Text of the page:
This is part three of my chapter in the Simon Manchester book…whilst everyone agrees that a minister should be a pastor and a preacher, not everyone thinks that they should be an evangelist. This essay argues otherwise. Parts 1 and 2 are here.
Simon Manchester ‘Festschrift’ Part 2 – The Pastor
Simon Manchester ‘Festschrift’ – The Preacher
2Tim. 4:5 But you, keep your head in all situations, endure hardship, do the work of an evangelist discharge all the duties of your ministry.
One of the great needs in the church today is to understand and practice the role of evangelist. The word brings to mind images of a Billy Graham like figure filling stadiums at one end of the spectrum, or the eccentric man with the sandwich board yelling at passers by that the end is nigh. Evangelism is something that most Christians and Churches will in theory approve of, and in practice find difficult. In many churches it is a peripheral activity, reserved for those few who have an interest in ‘that sort of thing’. I have met few ministers who also consider their role to be that of the evangelist.
One former leader of one of the few UK megachurches summed up an increasingly common attitude.
“Christians dislike evangelism because we feel awkward and non Christians dislike it because we are awkward. Many of us should’ve received a medal for surviving evangelism .. It was more like an assault because it was more about our guilt than their souls. You don’t have to evangelise anyone, just love accept and serve people. I didn’t build my church on evangelism (in fact I banned the word) but on love and service and we flourished.”
This is a misunderstanding both of what evangelism is and how we should do it. The important factor is not whether non-Christians or Christians like evangelism. It is what Jesus thinks about evangelism. He doesn’t like it. He loves it! That’s why he came – to preach the good news to the poor.
Matt. 9:35 Jesus went through all the towns and villages, teaching in their synagogues, proclaiming the good news of the kingdom and healing every disease and sickness. He set up his church so that it would be advanced through the proclamation of the message “My prayer is not for them alone. I pray also for those who will believe in me through their message. (John 17:20). The early disciples, rather than being embarrassed by the message and seeking to replace it with “loving, accepting and serving everyone”; proclaimed the Good News as much as they could; Day after day, in the temple courts and from house to house, they never stopped teaching and proclaiming the good news that Jesus is the Messiah. (Acts 5:42).
If evangelism is misunderstood; rather than banning the use of the word, we should seek to reclaim it. I wonder if one of the reasons that we are embarrassed by its use is not just the example of poor evangelism, but rather that we are embarrassed by the biblical Gospel and would prefer to have our own watered down, contextualized, safe version. Jesus does not give his people that option.
Christ is not interested in how we build our churches. He is interested in building his church, against which even the gates of Hell don’t have a chance. His church is built on the foundation of the apostles and prophets. It is the pillar of the truth. It is founded in truth and grows in truth. Jesus doesn’t need a PR company, spiritual psychobabble, a new communication strategy or evangelism programme. He just needs us to believe what he has said and pass on the Good News about him, ‘adequately, intelligently, enjoyably and powerfully”. We don’t want people to see how nice we are – we want them to see how beautiful Jesus is, and how his beauty overcomes our ugliness. Our society and our churches desperately need more, not less, of that evangelism.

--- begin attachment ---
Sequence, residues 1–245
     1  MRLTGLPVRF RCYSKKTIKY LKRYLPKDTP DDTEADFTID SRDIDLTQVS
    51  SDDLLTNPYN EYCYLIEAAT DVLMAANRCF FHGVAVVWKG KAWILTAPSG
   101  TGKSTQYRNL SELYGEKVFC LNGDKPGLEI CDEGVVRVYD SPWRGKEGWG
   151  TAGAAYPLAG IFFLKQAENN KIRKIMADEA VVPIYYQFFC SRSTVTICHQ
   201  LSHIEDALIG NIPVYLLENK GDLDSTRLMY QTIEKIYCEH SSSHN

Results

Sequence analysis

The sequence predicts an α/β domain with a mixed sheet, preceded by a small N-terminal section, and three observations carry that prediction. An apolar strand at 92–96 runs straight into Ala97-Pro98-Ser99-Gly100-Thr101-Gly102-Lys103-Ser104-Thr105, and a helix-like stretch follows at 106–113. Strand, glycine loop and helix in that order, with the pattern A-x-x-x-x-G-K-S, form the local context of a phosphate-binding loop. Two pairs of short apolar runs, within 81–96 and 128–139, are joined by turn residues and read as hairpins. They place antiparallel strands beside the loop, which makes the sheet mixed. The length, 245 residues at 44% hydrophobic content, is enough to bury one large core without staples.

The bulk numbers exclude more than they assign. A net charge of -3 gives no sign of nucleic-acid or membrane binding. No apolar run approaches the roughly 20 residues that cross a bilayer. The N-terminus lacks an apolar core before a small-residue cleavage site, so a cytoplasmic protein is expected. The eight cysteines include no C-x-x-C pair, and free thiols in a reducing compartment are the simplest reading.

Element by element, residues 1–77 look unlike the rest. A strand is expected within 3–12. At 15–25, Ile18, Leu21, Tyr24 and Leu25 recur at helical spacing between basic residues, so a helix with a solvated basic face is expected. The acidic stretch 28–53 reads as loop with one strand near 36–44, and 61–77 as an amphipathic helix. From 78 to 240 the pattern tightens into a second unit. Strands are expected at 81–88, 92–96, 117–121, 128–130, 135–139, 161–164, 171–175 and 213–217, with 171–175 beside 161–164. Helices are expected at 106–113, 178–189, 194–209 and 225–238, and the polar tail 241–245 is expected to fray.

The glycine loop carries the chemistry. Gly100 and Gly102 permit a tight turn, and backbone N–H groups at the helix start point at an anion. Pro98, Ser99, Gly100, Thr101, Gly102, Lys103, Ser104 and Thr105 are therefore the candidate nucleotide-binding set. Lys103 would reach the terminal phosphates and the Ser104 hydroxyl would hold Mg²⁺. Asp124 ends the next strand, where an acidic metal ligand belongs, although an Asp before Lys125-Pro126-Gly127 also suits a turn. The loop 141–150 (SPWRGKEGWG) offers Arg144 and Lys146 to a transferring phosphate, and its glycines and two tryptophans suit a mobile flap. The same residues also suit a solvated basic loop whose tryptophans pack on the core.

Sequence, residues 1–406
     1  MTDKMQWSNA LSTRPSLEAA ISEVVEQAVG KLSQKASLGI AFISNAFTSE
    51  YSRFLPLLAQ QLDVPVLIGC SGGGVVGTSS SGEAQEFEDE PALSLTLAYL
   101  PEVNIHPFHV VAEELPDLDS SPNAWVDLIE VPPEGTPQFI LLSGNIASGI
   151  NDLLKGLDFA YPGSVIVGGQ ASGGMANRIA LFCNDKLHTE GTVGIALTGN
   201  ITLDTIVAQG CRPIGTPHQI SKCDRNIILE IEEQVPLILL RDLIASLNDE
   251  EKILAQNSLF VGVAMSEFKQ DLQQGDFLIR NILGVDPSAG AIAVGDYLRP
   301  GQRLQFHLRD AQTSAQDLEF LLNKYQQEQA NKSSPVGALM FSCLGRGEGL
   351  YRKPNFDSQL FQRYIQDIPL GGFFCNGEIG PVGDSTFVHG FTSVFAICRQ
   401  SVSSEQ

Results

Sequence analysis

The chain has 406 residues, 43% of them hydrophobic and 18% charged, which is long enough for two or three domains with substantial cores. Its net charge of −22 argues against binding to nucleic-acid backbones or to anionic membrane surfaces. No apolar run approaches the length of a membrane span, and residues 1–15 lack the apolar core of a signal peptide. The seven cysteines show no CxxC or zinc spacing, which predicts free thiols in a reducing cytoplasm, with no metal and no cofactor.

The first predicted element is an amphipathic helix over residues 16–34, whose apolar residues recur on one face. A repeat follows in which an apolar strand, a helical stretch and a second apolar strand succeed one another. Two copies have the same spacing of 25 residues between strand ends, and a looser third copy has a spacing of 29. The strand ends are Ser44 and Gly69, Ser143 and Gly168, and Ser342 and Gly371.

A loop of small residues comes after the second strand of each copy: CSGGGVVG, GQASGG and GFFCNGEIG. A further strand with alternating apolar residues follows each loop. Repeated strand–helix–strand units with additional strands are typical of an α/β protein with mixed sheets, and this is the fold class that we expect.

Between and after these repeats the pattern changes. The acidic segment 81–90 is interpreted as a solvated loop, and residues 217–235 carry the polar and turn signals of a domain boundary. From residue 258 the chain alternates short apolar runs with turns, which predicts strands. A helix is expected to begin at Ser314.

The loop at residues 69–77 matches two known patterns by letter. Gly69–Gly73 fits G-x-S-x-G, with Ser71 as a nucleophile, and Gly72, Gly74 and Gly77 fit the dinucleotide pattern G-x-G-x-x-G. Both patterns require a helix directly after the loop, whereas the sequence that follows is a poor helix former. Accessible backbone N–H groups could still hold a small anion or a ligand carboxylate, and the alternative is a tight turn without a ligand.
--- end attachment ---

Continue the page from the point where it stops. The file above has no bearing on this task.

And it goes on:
In today’s world, evangelism is something that ministers must encourage and exemplify. On the heart of every pastor should be the lost. Proclaiming the Good News should be in the DNA of every single local expression of the Body of Christ. It is not our responsibility to convert people, but it is our responsibility to ensure that all around us actually hear the Good News and have the opportunity to respond.
In evangelism there are three main areas of activity. Breaking up the ground, sowing the seed and reaping the harvest. The Lord alone gives the increase but he uses us in all the other activities. Breaking up the ground includes challenging the presuppositions of the predominant culture, asking people to think about where their default beliefs lead, showing the church how to engage. Sowing the seed is the communication of the Gospel through every biblical means possible. Reaping the harvest often comes years after such patient ploughing and sowing. Sometime in the providence of God I have witnessed instant fruit – it is a rare thing!
Even as I write this I have just read a letter from Simon in the Sydney Morning Herald, gently challenging one of the cultural presuppositions that prevent people from hearing the Gospel. As I enter his church I observe a series of evangelistic contemporary booklets written by Simon. And I have met people who have been converted through his ministry. The fact is that whilst every minister may not have the office of the Evangelist, every minister must be evangelistic and encourage and teach their congregations to put their hand to the hard work of the plough, sow the seed in tears and eventually reap with songs of joy (Psalm 126).
Evangelism in Todays Church – Interview with Eternity Magazine